Behavior of gamers usually consist sitting on their ass, either trolling someone ingame or on the internet or just playing games, improving their hand-eye coordination and problem solving abilities, sometimes getting fat or nerdy, often socializing over text or voice, contributing for free to community with mods, guides, comments, cheats, complaints, suggestions and such.

How about boxing? Could boxing cause violence?

I find the whole debate about games and violence absurd in the context of US culture, society and media. They have live coverage of car chases and movies without shooting are boring. Oh that is why? That is why video games need attention? Do research. Its not like the data are not obtainable. In fact, there is so much data to be mined and analyzed from behavior of gamers that models can be tried before implemented in the so-called real world and simulations run on scale not seen before.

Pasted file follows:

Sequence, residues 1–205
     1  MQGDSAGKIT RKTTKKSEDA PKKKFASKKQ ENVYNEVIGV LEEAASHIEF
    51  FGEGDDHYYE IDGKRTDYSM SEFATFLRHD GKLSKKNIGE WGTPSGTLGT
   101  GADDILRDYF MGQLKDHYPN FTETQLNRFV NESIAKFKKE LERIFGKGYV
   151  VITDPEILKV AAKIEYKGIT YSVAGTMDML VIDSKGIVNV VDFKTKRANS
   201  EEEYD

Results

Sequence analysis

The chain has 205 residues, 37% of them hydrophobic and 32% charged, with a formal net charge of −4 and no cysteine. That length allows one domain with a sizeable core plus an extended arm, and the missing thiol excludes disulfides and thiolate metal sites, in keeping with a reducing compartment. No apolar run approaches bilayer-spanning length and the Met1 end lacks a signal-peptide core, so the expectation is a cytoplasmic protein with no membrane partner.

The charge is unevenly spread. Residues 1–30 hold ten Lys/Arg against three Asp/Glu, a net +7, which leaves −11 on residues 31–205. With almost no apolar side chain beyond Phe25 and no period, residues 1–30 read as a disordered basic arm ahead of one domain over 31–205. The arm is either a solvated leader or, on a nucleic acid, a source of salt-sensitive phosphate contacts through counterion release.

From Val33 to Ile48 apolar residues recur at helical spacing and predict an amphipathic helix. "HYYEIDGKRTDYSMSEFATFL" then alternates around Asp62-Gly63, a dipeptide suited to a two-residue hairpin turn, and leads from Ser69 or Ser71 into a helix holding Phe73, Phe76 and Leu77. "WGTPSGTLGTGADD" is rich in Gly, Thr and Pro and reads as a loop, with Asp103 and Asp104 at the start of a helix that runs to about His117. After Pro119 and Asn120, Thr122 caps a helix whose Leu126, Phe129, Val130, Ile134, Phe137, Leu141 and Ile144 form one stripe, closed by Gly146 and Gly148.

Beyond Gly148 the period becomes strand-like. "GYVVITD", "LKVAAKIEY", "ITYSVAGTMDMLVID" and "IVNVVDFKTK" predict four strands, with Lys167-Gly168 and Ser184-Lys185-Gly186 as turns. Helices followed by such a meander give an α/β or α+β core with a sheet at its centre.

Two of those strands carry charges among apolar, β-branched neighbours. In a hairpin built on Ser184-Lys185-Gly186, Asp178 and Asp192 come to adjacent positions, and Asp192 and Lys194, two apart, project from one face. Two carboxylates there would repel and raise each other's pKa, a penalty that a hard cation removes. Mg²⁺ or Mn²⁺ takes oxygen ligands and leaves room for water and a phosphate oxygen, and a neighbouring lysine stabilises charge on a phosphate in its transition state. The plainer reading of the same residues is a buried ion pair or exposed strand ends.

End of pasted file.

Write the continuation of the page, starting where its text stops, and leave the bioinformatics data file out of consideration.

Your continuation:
I think Tom and Jerry causes violence. When I saw it for the first time I was like .. wtf? We only had ground hog making chamomile tea for everyone.
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Re: Hatred. Mass murdering shooter.

#50  Postby Scot Dutchy » Jan 10, 2015 9:09 am

I think it is a chicken and egg situation.

One cant exist totally without the other.
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Re: Hatred. Mass murdering shooter.

#51  Postby Varangian » Jan 14, 2015 9:41 am

Simples. Given the large number of gamers and the increased realism of game graphics, we would see a proportional increase in assaults, etc. Yet we don't, which disproves the idea that violent games cause real violence.
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Re: Hatred. Mass murdering shooter.

#52  Postby VazScep » Feb 22, 2015 8:30 pm

Conversely, I play only lame wimpy arty games with no violence in them. For me, it's an escape from my normal homicidal lifestyle.